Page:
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The most widely used analytical chemistry textbook in the world, Dan Harris's Quantitative Chemical Analysis provides a sound physical understanding of the principles of analytical chemistry, showing how these principles are applied in chemistry and related disciplines—especially in life sciences and environmental science. As always, the new edition incorporates real data, spreadsheets, and a wealth of applications, in a witty, personable presentation that engages students without compromising the depth necessary for a thorough and practical understanding of analytical chemistry.
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The benchmark text for chemical analysis returns, fully updated and better than everAbout the Author:
Biographical Statement for Nomination of Daniel C. Harris for
J. Calvin Giddings Award for Excellence in Analytical Chemical Education
I was born in 1948 in Brooklyn, New York. As a teenager, I enjoyed a science program on Saturdays at Columbia University, where I took note of especially good teaching by astronomy professor Lloyd Motz. In my freshman year at Massachusetts Institute of Technology, excellent teaching of organic chemistry by Daniel S. Kemp diverted me from biochemistry to chemistry. A spectroscopy class from George F. Whitesides led me to Whitesides and his student Chuck Casey (later President of the American Chemical Society) for senior thesis research. I developed a strong consciousness for high quality teaching. Two other classes with noteworthy teaching quality were quantum mechanics from John S. Waugh and group theory from F. A. Cotton.
After graduating from MIT shortly before my 20th birthday, I headed to Caltech where I joined the research group of Harry B. Gray—an exceptional lecturer. After a year as a teaching assistant in organic chemistry, George S. Hammond and Harry Gray recognized a spark for teaching and offered me the opportunity to team teach an advanced freshman course. My graduate student partner, Michael D. Bertolucci, and I were given carte blanche to develop an interesting course for freshman that would not overlap other courses in the curriculum. We chose an overview of general chemistry for one term, followed by two terms of introduction to group theory and spectroscopy. We conducted a critique of each other’s lecture immediately after every class. I placed highest value in interest, content, clarity, and physical understanding, which became main goals in my textbook writing. At the age of 21, I found myself driven to write lecture notes which, upon the recommendation of Harry Gray, evolved into the book Symmetry and Spectroscopy. I team-taught the freshman course with other graduate students and had the academic rank of Instructor during my last year of graduate studies. For part of that year, I was a postdoc in the fledgling field of 13C-NMR spectroscopy with John D. Roberts.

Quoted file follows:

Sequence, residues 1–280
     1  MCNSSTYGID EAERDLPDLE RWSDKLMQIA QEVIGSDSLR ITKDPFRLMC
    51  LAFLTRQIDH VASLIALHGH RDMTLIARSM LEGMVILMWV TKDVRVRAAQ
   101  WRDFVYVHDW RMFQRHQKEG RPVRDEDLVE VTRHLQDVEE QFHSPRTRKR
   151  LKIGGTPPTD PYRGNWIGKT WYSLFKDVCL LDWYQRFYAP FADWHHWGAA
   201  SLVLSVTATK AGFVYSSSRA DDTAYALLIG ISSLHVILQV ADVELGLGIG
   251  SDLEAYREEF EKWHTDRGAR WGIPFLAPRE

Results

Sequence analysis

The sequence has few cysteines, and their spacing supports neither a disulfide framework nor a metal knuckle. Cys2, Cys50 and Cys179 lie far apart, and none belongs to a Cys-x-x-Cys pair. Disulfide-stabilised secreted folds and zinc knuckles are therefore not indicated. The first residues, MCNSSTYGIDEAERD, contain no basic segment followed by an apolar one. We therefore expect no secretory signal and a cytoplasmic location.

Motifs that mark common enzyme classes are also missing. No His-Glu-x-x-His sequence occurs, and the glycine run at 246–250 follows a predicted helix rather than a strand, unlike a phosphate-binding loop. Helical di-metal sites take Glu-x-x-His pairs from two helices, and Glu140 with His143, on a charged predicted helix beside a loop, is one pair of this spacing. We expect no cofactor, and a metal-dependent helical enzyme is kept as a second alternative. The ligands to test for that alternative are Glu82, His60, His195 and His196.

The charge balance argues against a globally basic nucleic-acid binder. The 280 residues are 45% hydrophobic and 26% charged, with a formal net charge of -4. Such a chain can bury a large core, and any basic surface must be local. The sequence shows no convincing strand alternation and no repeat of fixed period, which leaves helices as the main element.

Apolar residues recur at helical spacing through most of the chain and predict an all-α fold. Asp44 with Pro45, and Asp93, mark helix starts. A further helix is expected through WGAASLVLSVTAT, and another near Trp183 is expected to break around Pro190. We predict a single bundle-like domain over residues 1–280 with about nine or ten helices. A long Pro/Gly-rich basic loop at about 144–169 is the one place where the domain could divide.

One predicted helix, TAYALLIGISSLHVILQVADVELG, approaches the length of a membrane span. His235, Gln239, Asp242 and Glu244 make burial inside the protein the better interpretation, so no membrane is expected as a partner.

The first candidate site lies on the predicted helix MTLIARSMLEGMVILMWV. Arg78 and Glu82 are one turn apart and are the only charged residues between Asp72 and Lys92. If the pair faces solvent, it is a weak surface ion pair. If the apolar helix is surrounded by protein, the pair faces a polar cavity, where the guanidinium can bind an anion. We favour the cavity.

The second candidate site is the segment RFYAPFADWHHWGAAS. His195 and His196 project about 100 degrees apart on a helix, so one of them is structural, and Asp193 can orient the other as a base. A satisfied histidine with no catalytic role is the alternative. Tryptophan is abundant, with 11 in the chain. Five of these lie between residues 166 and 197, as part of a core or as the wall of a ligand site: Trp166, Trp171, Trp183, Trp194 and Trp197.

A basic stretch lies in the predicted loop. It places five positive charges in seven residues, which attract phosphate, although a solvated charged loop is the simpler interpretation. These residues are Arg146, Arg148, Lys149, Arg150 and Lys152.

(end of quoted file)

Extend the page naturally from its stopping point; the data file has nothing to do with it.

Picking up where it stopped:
After two years as a postdoc at the Albert Einstein College of Medicine in New York City with Philip Aisen—an exemplary mentor—I started my first faculty position at the University of California at Davis in 1975. I was assigned to teach analytical chemistry for sophomores and accelerated freshmen. This assignment was interesting because I had never taken a course in analytical chemistry. I arrived at MIT after analytical chemistry became an elective and flew through MIT too quickly to partake in the analytical course. I had practical analytical experience from undergraduate, graduate, and postdoctoral research. My source of instruction in chemical equilibrium was the graduate course “Aquatic Chemistry” taught by J. J. Morgan at Caltech. At Davis, I sat in on an analytical courses taught by a senior member of the department to “learn the ropes” before being thrust before my first students in analytical chemistry.
My burning desire at Davis was to be the best teacher I could be. I was known for being available at all hours for student questions, for circulating through laboratories every day, and for memorizing the names and faces of every student. It became apparent to students that sitting in the back row of a 300-seat lecture hall did not offer immunity from being called upon by name to answer a question during lecture. I brought a demonstration into almost every lecture and each term ended with a series of explosions. The last class each term attracted far more students than were enrolled in the course. The majority of my students at Davis were life science majors whose interests resonated with my research interest in metalloproteins.
I surveyed every analytical textbook I could find and tau
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